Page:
By mid-March 1880 RLS had moved to East Oakland, CA, at first at the Tubbs Hotel, on (East) 12th Street, between 4th and 5th Avenues. It was apparently there that he had a relapse and a first hemorrhage. Fanny moved him to her house nearby, 554 East 18th Street, and nursed him herself.
RLS’s essay, Henry David Thoreau: his Character and Opinions was then in proof for Cornhill Magazine. The Amateur Emigrant, an account of his journey to California, was still in draft.
[Dots between square brackets indicate cuts made by Sidney Colvin. For full, correct and critical edition of this letter, see Mehew 3, 693.]
To Sidney Colvin [Colvin 1911, 1, pp. 333-334]
[East Oakland, late March / early April 1880.]
My dear Colvin,
You must be sick indeed of my demand for books, for you have seemingly not yet sent me one. Still, I live on promises: waiting for Penn, for H. James’s Hawthorne, for my Burns, etc.;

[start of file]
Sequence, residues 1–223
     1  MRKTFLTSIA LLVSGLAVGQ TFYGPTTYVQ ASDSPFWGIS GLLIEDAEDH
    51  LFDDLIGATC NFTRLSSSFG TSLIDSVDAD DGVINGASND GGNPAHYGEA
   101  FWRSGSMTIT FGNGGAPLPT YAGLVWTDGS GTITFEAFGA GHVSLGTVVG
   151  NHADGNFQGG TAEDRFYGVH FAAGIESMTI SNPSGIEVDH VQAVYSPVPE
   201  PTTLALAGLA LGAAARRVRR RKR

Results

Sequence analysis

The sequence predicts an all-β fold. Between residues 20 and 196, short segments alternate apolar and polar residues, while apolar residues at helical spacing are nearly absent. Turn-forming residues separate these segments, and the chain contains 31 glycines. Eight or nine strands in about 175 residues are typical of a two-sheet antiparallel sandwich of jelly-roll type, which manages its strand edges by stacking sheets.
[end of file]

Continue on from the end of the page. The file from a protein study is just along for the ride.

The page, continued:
and now, to make matters worse, pending your centuries, etc., I do earnestly desire the best book about mythology (if it be German, so much the worse; send a bunctionary along with it, and pray […] for me). This is why. If I recover, I feel called on to write a volume of gods and demi-gods in exile: Pan, Jove, Cybele, Venus, Charon, etc.; and though I should like to take them very free, I should like to know a little about ‘em to begin with.
For two days, till last night, I had no night sweats, and my cough is almost gone, and I digest well; so all looks hopeful. However, I was near the other side of Jordan. I send the proof of Thoreau to you, so that you may correct and fill up the quotation from Goethe. It is a pity I was ill, as, for matter, I think I prefer that to any of my essays except Burns; but the style, though quite manly, never attains any melody or lenity. So much for consumption: I begin to appreciate what the Emigrant must be. As soon as I have done the last few pages of the Emigrant they shall go to you. But when will that be? I know not quite yet – I have to be so careful. Ever yours,